The 2014 commonwealth games is coming to a close within the next few days. The Glasgow platform has provided some amazing sporting outcomes and a great experience for athletes, team officials, and Clydesiders alike. As part of the medical services, working in the polyclinic has given me a taste of the multi-sport elite level competition, and whilst it is hard work, it’s certainly something I have thoroughly enjoyed.
I have learnt a lot from being in the polyclinic environment and working alongside some fantastic physiotherapists over the past two weeks. When an athlete is injured, they usually transferred to the polyclinic, from the field of play, to receive world-class treatment. However, what happens when the athletes doesn’t listen?
A netball player presented to the polyclinic with an acute ankle sprain, 2 days previously, she sprained her ankle competing. Treatment was provided to aid recovery but as part of my assessment, I enquired as to when she was competing next, the reply I received was ‘5pm today’.
As physiotherapists, we naturally want to promote activity and sports participation, but sometimes the body needs time to heal. The athlete always wants to play and the coach always wants their best players fit for action. The difficulty comes when the coach is present to hear your opinion about an injury or doesn’t choose to hear it.
I advised the netball player that should not play on her ankle in its current state, despite the fact that she had a game that afternoon, and this is why.
The tissues within the body are maintained in homeostasis through training and competing. The tissues and structures in the body are pushed into ‘supraphysiological overload zone’ when competing, which means that are optimised within the ‘Envelope of Function’. When these tissues are overloaded beyond the ‘Envelope of Function’, i.e an injury occurs, then tissues fail and break or rupture. due to injury, the envelope of function is reduced and tissue homeostasis is disrupted.
What this means in the context of the athlete competing, is that they have a reduced physiological ability to perform to their highest level, which would be needed at an international event like the Commonwealth Games. If the athletes does compete with a reduced ‘Envelope of Function’, then they risk further injury as the tissues get overloaded beyond the envelope sooner. The cycle of boom and bust can re-occur until the tissue is given sufficient time to heal and repair to restore tissue homeostasis.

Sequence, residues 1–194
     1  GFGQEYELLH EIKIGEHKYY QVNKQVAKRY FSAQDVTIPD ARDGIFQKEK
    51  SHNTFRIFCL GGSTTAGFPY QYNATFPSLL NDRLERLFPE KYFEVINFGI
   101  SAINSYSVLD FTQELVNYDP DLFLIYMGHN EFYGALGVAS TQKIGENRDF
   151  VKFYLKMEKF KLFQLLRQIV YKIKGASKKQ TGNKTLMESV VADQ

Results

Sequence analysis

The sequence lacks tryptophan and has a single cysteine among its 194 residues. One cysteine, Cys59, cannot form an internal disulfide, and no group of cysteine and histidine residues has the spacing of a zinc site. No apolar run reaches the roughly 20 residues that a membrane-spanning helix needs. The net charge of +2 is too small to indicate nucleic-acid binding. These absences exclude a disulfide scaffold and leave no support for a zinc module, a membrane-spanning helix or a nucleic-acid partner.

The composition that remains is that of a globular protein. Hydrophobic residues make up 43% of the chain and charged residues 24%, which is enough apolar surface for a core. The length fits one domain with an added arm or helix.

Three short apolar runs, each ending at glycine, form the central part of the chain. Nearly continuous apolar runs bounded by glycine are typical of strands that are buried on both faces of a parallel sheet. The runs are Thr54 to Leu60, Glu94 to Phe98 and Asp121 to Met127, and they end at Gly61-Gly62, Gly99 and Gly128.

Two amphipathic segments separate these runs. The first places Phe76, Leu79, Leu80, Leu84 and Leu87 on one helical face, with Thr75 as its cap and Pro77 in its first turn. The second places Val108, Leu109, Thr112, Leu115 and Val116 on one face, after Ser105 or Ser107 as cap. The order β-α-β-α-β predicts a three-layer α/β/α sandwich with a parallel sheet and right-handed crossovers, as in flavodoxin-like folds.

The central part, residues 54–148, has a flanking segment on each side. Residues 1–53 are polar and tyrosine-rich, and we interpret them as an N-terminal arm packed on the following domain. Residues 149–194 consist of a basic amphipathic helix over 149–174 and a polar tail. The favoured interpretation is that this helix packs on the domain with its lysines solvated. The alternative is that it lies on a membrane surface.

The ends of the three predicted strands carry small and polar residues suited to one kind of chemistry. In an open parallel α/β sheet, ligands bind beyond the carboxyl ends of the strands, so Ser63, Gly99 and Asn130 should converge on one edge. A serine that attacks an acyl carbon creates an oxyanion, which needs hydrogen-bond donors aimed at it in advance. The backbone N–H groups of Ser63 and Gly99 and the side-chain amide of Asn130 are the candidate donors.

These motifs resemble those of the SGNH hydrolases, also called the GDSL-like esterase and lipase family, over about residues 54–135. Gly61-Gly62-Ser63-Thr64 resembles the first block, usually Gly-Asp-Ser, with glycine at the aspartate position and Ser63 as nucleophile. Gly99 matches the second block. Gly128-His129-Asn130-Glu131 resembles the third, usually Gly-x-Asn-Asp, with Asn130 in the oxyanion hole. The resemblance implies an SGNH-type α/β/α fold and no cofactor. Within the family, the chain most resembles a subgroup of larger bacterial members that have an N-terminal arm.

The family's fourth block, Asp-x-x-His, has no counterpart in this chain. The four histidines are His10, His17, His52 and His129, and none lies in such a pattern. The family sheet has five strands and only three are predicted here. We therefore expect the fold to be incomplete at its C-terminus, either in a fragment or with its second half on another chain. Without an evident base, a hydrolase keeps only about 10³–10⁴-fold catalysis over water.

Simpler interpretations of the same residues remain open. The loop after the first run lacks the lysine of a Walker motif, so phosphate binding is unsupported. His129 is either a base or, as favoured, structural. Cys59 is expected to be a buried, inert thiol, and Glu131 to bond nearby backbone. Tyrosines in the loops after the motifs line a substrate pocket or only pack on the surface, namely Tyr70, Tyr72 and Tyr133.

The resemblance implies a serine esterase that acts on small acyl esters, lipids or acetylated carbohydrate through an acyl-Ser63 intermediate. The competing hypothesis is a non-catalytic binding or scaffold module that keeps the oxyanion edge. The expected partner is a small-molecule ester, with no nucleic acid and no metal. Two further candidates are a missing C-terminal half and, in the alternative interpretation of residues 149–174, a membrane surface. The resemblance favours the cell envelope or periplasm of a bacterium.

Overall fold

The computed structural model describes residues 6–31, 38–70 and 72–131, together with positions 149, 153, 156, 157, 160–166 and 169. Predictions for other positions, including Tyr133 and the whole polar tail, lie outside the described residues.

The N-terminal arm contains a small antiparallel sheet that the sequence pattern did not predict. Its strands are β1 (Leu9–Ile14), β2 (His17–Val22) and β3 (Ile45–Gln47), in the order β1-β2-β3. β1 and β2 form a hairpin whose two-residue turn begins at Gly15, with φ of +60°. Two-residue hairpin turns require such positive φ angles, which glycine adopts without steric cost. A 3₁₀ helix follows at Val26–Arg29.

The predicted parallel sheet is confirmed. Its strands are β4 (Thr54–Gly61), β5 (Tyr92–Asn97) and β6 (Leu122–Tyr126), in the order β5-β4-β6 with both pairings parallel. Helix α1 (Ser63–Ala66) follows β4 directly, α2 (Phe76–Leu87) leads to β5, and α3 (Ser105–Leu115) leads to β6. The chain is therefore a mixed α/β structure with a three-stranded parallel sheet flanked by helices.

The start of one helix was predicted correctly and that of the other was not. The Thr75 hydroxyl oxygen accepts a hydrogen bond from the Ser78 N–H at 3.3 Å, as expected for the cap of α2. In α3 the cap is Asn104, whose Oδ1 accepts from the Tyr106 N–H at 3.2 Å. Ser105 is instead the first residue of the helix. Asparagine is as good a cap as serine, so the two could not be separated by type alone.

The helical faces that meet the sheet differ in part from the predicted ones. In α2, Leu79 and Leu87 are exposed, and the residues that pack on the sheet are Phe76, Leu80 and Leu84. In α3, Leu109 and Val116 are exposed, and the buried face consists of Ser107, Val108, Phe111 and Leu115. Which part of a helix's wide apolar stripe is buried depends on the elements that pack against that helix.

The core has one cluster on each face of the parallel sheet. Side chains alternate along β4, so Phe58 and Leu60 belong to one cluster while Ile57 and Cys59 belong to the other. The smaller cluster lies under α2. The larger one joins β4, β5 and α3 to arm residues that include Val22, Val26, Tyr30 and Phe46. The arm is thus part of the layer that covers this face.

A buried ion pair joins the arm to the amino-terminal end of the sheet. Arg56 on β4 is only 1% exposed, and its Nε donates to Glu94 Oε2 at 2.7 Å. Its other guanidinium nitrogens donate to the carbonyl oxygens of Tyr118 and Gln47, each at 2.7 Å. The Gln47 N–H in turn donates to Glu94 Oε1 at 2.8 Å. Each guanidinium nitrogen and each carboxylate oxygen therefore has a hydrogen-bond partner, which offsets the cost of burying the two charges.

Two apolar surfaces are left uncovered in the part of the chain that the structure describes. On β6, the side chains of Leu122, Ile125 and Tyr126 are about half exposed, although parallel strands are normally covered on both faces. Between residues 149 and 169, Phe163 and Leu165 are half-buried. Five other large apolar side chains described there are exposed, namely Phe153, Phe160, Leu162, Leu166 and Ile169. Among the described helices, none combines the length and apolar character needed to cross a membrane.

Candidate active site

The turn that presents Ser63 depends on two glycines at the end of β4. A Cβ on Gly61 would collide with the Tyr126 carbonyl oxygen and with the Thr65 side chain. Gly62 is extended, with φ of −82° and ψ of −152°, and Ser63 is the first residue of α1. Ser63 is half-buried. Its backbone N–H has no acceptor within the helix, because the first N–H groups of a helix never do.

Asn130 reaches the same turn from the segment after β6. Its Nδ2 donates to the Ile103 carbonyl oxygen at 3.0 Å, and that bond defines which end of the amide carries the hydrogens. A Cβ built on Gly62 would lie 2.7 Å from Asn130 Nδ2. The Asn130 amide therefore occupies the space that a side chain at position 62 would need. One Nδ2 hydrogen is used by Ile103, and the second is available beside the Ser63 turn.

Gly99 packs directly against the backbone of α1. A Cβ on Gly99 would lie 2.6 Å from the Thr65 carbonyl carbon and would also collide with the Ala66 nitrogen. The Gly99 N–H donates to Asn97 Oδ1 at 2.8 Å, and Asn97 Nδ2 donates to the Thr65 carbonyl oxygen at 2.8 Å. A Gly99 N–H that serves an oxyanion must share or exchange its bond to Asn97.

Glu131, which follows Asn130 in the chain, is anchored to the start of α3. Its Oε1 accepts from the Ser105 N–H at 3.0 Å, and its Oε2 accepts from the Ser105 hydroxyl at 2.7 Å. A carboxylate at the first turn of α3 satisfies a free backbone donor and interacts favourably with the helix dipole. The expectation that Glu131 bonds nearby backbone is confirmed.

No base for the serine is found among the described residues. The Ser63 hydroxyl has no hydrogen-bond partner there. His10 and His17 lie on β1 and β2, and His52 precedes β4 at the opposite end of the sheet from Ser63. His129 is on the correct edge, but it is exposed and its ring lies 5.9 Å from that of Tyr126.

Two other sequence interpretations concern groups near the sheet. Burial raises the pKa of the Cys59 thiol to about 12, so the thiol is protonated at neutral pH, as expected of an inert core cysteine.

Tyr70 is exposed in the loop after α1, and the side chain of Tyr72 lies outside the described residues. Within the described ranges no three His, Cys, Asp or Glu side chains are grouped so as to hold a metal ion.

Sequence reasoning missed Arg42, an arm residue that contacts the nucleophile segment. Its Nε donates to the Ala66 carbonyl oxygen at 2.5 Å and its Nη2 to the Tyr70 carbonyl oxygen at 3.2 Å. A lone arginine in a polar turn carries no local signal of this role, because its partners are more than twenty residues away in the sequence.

1) Communicating the importance of tissue healing to athletes is difficult but needs to be emphasised to avoid boom and bust cycle of injury.
2) Communicating the outcomes of clinical assessments to the athletes medical team should be done immediately to discuss return to competition but athletes want to play and coaches want their best players available for selection, so getting this message through can be difficult.
3) Treatment of injuries should be looked at in the short-term and long-term outcomes with the athlete at the centre of the treatment goals
1) Dye SF. The pathophysiology of patellofemoral pain: a tissue homeostasis perspective. Clin Orthop Relat Res 2005; 436:100-110.
The Glasgow 2014 commonwealth games are now well and truly underway with Saturday 26th July promising to be a busy schedule of competition across various sports including netball, Judo, and tracking cycling. The athletes are in full swing and the medals are coming thick and fast with this in mind I undertook my third shift at the Games Village Polyclinic.
The poly clinic environment, as I’ve previously mentioned, is a fast paced and exciting environment but requires a cool and collected approach to ensure the athlete gets 1005 the elite care they deserve. But sometimes the system can be slowed down with bureaucracy with a classic example of this coming when SEM doctors require ultrasound scans for soft tissue damage. SEM had to refer to radiography for U/S and were unable to perform U/S sans themselves. So SEM referred to radiography but radiography would only do MRI scans due to higher sensitivity rates (1) (2).